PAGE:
Once we have set the values for the different elements, attributes which are to go into the XML, its now time to actually generate the XML. We must have an Marshaller (To get XML from the Java objects) or an Unmarshaller (to get java objects from XML). We would need a Marshaller- which can be obtained from the JAXBContext instance. Lines- 31,32 obtain an instance of Marshaller. Different properties can be set for the marshaller and in the above code we are setting the jaxb.formatted.output as true- which means that the xml obtained is neatly formatted making is readable to the user.

Different properties supported are:

  • jaxb.encoding
  • jaxb.formatted.output
  • jaxb.schemaLocation
  • jaxb.noNamespaceSchemaLocation
  • jaxb.fragment

<instance_of_marshaller>.marshal() is the method used to generate the XML. Its is overloaded to accept the following output mechanisms:

  • org.xml.sax.ContentHandler
  • org.w3c.dom.Node
  • javax.xml.transform.Result
  • java.io.Writer
  • java.io.OutputStream
  • javax.xml.stream.XMLStreamWriter
  • javax.xml.stream.XMLEventWriter

The xml generated is shown below:

<?xml version="1.0" encoding="UTF-8" standalone="yes"?>
       <itemName>Seagate External HDD</itemName>
       <purchasedOn>August 24, 2010</purchasedOn>

PS: I havent gone much into the details of JAXB. This is just the overview of how one can generate XML confirming to the schema.

Read about How to Unmarshall the XML data.

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About The Author

Mohamed Sanaulla

20 Responses to Using JAXB to generate XML from the Java, XSD

  1. Chowdary says:

    When I unmarshall xml, I am not able to find expenseReport object.
    Can you post unmarshall code also?

  2. Hi Mohamed,

    Nice post. I noticed your information as to where to obtain a JAXB implementation is out date. Since Java SE 6 an implementation of JAXB has been included in the JRE/JDK. Also since JAXB is a specification (JSR-222), there are several implementations available:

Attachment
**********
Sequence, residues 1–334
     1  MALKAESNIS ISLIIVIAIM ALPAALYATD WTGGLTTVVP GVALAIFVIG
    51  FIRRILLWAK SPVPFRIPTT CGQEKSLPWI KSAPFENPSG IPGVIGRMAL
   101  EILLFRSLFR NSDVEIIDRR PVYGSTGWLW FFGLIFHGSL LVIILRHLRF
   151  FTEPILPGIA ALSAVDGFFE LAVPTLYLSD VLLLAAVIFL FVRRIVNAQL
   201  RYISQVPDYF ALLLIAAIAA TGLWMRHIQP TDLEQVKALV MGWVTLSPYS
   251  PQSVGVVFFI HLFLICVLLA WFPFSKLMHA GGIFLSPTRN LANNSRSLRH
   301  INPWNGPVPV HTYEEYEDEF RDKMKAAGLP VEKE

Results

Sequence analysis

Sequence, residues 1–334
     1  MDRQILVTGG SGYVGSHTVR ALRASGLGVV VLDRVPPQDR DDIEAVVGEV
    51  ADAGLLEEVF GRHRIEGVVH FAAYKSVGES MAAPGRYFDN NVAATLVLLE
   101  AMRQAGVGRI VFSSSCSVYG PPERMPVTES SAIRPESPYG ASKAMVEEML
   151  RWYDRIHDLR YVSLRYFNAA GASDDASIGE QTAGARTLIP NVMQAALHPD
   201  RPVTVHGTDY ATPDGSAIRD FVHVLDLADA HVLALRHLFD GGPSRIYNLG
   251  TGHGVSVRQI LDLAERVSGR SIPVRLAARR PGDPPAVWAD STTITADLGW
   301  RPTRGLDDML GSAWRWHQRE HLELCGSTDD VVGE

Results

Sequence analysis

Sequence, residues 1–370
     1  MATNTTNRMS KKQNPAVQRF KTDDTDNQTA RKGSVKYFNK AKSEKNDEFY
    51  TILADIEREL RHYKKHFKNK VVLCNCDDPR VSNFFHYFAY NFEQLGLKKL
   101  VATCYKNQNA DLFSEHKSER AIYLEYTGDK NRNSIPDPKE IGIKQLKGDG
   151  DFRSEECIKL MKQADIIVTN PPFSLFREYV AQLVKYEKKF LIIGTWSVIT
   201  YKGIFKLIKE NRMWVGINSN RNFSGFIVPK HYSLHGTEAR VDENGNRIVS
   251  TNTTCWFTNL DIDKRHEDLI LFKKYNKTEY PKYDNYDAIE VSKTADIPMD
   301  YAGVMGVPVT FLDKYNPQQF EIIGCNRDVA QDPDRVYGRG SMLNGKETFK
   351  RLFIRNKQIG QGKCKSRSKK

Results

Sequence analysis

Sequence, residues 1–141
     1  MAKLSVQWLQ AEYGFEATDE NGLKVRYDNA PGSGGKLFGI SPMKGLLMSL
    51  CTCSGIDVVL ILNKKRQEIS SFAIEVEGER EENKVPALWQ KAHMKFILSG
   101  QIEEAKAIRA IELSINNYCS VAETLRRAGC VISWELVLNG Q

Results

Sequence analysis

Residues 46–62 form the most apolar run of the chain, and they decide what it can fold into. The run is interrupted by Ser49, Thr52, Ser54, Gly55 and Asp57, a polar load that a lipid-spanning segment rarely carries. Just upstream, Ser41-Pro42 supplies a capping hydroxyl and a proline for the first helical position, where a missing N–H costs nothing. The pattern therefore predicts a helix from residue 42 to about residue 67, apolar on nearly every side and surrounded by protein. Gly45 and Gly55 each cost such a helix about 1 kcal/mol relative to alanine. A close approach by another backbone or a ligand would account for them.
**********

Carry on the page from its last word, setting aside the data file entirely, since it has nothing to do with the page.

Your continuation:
Metro JAXB
    EclipseLink JAXB (MOXy)
    Apache JaxMe


  3. JAXBElement element = factory.createExpenseReport(expense);

    This function is not available with argument.
    It is available with 0 arguments and moreover the return type doesn’t match.
    Class casting doesn’t help.

    Please help me…

  4. deep says:

    your code is not good..
    plz improve..

  5. Amitabha Roy says:

    Thanks for the post. It can be done from eclipse also. Right click the xsd > source > generate > xml > select root > finish.

  6. David Sun says:

    Nice post!

    Can you specify out if the code in Main method is thread-safe?


  7. Naveen says:

    Thanks , this post helped me a lot as i had a similar requirement to create xml string using xsd .

  8. […] did some research and found that ‘jaxb’ could do it. And I found some example too, but the problem is, almost all the examples uses ‘xjc’ tool to do this. But I want a […]

  9. ravi rajak says:

    hi can you please tell me how to partially unmarshal using jaxb

  10. […] sometime back I had written about Using JAXB to generate XML from the Java, XSD. And now I am writing how to do the reverse of it i.e generating Java objects from the XML […]

  11. Ramesh says:

    Hi Mohamed I got the exception at line number 31 in your application,

  12. Ramesh says:

    can you tell me the why it’s happened.

  13. Ramesh says:

    It’s resolved,problem with jars.Thanks for the reply

  14. Szabolcs Rugina says:

    Thanks. It helped me.

  15. Orion says:

    How can i delete datas in the xml file?